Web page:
#StopRepeatingHistory​
#StopRepeatingHistory
#StopRepeatingHistory
#StopRepeatingHistory​
#StopRepeatingHistory
#StopRepeatingHistory
#StopRepeatingHistory

#StopRepeatingHistory

Satsumi as a child in WWII prison camp
Credit: Erin Shigaki, of Purple Gate Design

On February 19, 1942, President Roosevelt issued Order 9066, authorizing the displacement and incarceration of 120,000 Japanese Americans on the West Coast.

With this order, the U.S. government uprooted the Japanese community from their homes and businesses, and incarcerated them for years in concentration camps, termed “War Relocation Authority Centers.”

When we see the migrant children, we recognize ourselves and we say:

#StopRepeatingHistory

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On Ft. Sill We Rallied en Masse

Ft. Sill is home to the indigenous boarding schools, the Japanese American prison camps during WWII, war resistors, and now is the planned site for more child detention.

Read More >> 

You Can Participate from Anywhere - Learn to Make a Crane:

tsuru folding instructions
Credit: Lauren Sumida

For stringing cranes, we ask that tsuru be strung with each tsuru touching the tsuru below it, with no loose thread or spaces between them. This is important, as it helps prevent the chain from tangling. If you would like to nest them inside each other, you may do so, but make sure they are not nested too tightly (otherwise the chain of tsuru cannot bend). Please make the chain of tsuru no longer than 4 feet/ 1.2 meters.

It’s best to use no. 5 embroidery thread and a big tapestry needle. Use a bead or button at both ends of the crane strand to help keep it intact. Please avoid use of fishing line or regular sewing thread to string the cranes–these tangle very easily.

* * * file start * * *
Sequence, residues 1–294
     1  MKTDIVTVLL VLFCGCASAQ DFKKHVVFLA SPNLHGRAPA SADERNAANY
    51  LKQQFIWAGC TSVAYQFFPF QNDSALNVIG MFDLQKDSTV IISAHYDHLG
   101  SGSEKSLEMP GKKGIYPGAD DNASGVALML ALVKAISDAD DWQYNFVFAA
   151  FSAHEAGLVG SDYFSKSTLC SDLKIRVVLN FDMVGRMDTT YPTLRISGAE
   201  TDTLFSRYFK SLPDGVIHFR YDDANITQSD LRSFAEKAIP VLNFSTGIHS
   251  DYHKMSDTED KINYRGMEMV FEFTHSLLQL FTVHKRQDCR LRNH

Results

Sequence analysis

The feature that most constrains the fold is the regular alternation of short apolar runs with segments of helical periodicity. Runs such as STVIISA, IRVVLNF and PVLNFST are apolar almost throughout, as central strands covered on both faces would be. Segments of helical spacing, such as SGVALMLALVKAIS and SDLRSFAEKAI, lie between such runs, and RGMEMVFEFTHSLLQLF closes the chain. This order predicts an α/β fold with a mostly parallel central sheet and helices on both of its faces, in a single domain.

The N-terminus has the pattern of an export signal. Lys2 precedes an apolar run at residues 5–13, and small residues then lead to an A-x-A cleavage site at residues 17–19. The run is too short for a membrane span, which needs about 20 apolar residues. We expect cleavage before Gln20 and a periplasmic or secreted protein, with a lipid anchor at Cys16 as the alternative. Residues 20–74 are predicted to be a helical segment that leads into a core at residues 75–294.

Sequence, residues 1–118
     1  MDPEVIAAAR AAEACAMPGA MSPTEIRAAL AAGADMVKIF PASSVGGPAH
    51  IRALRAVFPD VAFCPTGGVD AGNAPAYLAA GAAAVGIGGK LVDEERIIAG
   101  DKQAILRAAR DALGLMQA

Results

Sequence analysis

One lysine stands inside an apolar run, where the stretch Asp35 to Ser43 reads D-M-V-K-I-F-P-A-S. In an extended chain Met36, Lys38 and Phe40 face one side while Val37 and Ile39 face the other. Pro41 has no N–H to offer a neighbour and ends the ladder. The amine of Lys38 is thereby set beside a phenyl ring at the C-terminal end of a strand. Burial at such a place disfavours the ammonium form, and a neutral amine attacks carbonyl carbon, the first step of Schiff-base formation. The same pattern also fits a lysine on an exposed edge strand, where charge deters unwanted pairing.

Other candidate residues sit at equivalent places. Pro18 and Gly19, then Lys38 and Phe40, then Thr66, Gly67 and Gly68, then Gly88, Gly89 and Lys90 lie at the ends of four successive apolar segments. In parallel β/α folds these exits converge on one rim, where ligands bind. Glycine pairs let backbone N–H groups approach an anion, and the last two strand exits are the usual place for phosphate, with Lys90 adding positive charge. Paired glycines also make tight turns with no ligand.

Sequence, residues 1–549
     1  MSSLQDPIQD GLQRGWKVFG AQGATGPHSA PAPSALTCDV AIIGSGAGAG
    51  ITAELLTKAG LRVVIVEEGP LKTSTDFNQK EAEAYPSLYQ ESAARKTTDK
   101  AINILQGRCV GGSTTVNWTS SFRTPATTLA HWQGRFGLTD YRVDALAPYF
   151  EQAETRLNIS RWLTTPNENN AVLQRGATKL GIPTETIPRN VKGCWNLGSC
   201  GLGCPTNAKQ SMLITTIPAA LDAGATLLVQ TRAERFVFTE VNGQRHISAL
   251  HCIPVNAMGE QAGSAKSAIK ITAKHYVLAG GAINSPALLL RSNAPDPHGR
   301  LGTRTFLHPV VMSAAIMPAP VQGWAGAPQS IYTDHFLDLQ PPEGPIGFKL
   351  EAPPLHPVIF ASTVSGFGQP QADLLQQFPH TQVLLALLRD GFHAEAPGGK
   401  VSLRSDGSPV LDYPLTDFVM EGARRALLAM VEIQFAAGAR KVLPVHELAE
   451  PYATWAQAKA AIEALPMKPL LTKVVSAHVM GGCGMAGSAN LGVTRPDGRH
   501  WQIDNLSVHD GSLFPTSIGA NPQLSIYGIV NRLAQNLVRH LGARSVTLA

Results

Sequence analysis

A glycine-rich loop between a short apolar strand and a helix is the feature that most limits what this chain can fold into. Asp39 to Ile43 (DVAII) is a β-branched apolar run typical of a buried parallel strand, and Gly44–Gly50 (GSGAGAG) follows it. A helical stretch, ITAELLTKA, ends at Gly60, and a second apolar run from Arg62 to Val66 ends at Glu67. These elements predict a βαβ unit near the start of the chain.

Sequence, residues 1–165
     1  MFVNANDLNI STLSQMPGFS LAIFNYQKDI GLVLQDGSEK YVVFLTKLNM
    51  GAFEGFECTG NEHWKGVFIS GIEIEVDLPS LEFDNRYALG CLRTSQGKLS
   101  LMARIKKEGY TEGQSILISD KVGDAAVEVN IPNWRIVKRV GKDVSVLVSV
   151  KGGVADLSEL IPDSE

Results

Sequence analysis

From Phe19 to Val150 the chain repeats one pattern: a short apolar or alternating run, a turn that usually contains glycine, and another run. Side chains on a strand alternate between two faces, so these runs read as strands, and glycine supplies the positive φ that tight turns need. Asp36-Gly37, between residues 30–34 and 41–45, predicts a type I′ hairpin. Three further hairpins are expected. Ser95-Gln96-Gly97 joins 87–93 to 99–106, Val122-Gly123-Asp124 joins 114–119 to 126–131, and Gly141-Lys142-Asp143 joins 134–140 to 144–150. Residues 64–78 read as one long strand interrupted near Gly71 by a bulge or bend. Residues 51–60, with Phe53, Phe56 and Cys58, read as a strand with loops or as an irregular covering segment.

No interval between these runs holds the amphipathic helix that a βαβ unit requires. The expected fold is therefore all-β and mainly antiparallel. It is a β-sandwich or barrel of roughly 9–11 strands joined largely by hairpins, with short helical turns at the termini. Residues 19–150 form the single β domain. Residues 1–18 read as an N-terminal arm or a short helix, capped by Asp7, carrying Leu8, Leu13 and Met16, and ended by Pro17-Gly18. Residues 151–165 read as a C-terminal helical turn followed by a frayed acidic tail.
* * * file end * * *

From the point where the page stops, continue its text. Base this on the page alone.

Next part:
Please make a loop at the top of the strung tsuru and fasten a large safety pin to it (not paper clips). Thank you! 

Adding a note with how many tsuru are on each strand helps us keep count, too! On average, about 40-50 tsuru per strand make about 4 feet in length. 

New York-based Japanese American Theodora holds up a chain of paper cranes
Here is an ideal tsuru chain--tsuru resting on top of each other on a string about 4 feet long (thank you to Theodora Yoshikami for demonstrating!)

We bring tsuru to our protest sites as a sign of peace and healing.

You can be a part of our actions by making and mailing paper cranes to:

JACL Chicago
5415 N. Clark St,
Chicago, IL, 60640

Tsuru for Solidarity is a volunteer group of Japanese-American descendants and survivors of US WWII Prison Camps.

 

Tsuru for Solidarity is a direct action, nonviolent project of allied organizations within the Japanese American community in collaboration with allied national organizations and networks. Initially created in March 2019, Tsuru for Solidarity was conceived as a way to give voice to the moral outrage of the Japanese American and Japanese Latin American community at the ongoing mass detentions in the United States and to show solidarity with front-line immigrant communities fighting injustice, mass incarceration and deportation. 

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